Injuries and signs of illness in your pet are not always clear cut, and it can be difficult to know what requires urgent attention and what can wait. Because even minor issues may progress quickly into major life-threatening problems, you should always call your veterinarian when you’re unsure. He or she will help you assess the problem and, if necessary, guide you to the appropriate care at an emergency center like ours.
Come right in if your pet is experiencing any of the following:
- Unconsciousness or collapse
- Shortness of breath or difficulty breathing
- Pale, greyish or blue gums
- Profuse vomiting or diarrhea
- Blood in the feces, urine or vomit
- Unusual or erratic behavior
- Signs of extreme pain, such as whining or trembling
- Prolonged periods of not eating
- Swollen and/or painful abdomen
- Straining to urinate or defecate
- Prolonged straining during labor and delivery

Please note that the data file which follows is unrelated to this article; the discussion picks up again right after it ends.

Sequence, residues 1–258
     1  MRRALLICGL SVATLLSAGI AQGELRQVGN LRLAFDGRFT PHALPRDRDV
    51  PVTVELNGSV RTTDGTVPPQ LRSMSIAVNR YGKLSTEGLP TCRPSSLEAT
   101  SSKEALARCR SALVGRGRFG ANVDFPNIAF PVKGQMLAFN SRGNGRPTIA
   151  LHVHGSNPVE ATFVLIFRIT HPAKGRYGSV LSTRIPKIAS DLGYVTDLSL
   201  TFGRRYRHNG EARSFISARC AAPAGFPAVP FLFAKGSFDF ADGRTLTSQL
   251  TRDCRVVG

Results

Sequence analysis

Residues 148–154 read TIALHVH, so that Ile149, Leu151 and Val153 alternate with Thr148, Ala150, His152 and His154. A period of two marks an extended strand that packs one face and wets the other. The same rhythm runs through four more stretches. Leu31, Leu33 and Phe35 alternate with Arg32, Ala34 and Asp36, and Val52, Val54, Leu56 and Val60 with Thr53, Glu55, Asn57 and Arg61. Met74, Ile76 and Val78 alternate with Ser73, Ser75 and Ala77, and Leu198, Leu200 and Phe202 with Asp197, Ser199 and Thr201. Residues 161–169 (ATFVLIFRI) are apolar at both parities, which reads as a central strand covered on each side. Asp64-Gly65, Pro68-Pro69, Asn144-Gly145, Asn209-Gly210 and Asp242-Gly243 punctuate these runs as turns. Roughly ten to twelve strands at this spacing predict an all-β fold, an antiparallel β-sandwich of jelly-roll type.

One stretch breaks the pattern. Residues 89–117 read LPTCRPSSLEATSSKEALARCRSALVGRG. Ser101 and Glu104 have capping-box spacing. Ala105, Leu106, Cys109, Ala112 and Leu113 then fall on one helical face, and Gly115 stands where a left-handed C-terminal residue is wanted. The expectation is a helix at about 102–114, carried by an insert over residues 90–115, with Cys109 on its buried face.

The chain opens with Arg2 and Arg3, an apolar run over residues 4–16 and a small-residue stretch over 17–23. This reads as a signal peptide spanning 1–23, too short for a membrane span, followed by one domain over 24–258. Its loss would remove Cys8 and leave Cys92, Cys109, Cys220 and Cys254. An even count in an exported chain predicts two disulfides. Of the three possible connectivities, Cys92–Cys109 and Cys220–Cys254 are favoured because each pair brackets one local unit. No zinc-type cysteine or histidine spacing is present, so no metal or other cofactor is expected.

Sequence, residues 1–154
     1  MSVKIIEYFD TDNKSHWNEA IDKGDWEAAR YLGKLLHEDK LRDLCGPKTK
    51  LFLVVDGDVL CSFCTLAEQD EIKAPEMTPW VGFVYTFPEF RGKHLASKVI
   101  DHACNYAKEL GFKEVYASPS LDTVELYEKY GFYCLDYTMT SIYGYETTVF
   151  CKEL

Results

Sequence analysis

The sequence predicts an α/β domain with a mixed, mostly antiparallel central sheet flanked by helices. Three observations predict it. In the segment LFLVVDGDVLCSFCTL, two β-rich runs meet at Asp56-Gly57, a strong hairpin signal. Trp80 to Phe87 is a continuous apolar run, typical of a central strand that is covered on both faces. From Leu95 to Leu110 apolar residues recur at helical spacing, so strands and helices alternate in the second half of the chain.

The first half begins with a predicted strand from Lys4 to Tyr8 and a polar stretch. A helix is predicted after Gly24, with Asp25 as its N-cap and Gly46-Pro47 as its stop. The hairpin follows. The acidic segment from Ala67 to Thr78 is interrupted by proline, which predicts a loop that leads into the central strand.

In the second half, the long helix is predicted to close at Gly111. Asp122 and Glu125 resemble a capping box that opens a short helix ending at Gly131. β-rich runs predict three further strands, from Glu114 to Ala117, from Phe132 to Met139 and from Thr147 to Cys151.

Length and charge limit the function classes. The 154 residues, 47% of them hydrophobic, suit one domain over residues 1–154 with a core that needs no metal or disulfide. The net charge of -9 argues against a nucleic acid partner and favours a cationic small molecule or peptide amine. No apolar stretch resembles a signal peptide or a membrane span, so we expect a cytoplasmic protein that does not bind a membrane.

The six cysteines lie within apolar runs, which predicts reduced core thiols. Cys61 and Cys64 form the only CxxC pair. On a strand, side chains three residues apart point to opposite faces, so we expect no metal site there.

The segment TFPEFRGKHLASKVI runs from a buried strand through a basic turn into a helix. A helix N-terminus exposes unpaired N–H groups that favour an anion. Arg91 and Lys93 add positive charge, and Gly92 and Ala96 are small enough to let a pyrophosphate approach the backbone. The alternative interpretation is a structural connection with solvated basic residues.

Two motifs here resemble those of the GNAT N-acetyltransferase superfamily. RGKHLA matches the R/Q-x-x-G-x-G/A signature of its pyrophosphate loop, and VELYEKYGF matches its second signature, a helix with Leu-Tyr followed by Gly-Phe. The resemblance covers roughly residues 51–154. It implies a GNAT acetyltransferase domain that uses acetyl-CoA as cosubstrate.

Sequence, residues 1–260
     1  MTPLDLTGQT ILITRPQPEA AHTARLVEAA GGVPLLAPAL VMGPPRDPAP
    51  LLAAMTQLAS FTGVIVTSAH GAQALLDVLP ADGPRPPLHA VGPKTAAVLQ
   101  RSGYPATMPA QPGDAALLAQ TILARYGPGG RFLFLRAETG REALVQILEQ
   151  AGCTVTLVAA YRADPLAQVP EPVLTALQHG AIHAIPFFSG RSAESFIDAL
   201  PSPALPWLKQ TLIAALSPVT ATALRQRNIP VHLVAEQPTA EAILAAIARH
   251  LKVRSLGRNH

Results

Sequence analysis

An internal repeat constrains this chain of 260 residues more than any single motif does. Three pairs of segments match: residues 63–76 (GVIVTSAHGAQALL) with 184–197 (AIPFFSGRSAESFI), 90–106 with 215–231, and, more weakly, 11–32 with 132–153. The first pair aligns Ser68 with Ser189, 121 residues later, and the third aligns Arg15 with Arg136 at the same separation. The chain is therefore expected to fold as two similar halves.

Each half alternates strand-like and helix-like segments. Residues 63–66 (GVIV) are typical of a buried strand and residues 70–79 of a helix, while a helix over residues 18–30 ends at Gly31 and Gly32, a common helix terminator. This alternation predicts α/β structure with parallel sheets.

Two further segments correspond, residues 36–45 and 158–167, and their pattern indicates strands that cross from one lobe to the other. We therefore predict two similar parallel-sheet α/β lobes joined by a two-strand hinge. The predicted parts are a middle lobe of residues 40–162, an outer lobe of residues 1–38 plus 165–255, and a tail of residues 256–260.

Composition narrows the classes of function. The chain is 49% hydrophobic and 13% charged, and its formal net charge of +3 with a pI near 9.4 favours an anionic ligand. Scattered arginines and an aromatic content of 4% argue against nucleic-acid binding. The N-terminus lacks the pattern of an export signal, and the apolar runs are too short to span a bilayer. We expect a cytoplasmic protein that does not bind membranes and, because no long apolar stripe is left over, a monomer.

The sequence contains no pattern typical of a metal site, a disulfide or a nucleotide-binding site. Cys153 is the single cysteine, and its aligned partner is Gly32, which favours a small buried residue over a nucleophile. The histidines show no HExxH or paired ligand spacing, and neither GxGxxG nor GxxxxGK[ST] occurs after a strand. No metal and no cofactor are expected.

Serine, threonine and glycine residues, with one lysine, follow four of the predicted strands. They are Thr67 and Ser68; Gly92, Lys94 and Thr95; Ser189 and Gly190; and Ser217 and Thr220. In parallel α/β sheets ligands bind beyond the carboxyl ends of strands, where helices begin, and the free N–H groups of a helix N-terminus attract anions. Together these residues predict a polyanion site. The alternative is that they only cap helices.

- Suspected or confirmed ingestion of foreign objects or toxins
- Eye injury
- Traumatic injury from a fall or collision with a moving vehicle
- Bite wounds or other injury sustained in an encounter with another animal
Please don’t hesitate to call us if you have any questions or concerns.
Tips on Handling Your Pet in an Emergency
Ill or injured animals may bite or scratch when disoriented or in pain, so be very careful in approaching your pet. Do not place your face or hands near your pet’s face or mouth until you are sure it is safe to do so. If your pet appears aggressive when you approach, call for help.
If your pet seems approachable, try to wrap him or her in a large towel or blanket, taking care to avoid further injury. (Approach him or her slowly from behind as this angle can seem less threatening than approaching at the head). If possible, in one smooth motion, pick up your pet and transport him or her to your vehicle. It can be helpful to have a box or carrier handy that you can set your pet in from the top to safely confine him or her and prevent further injury.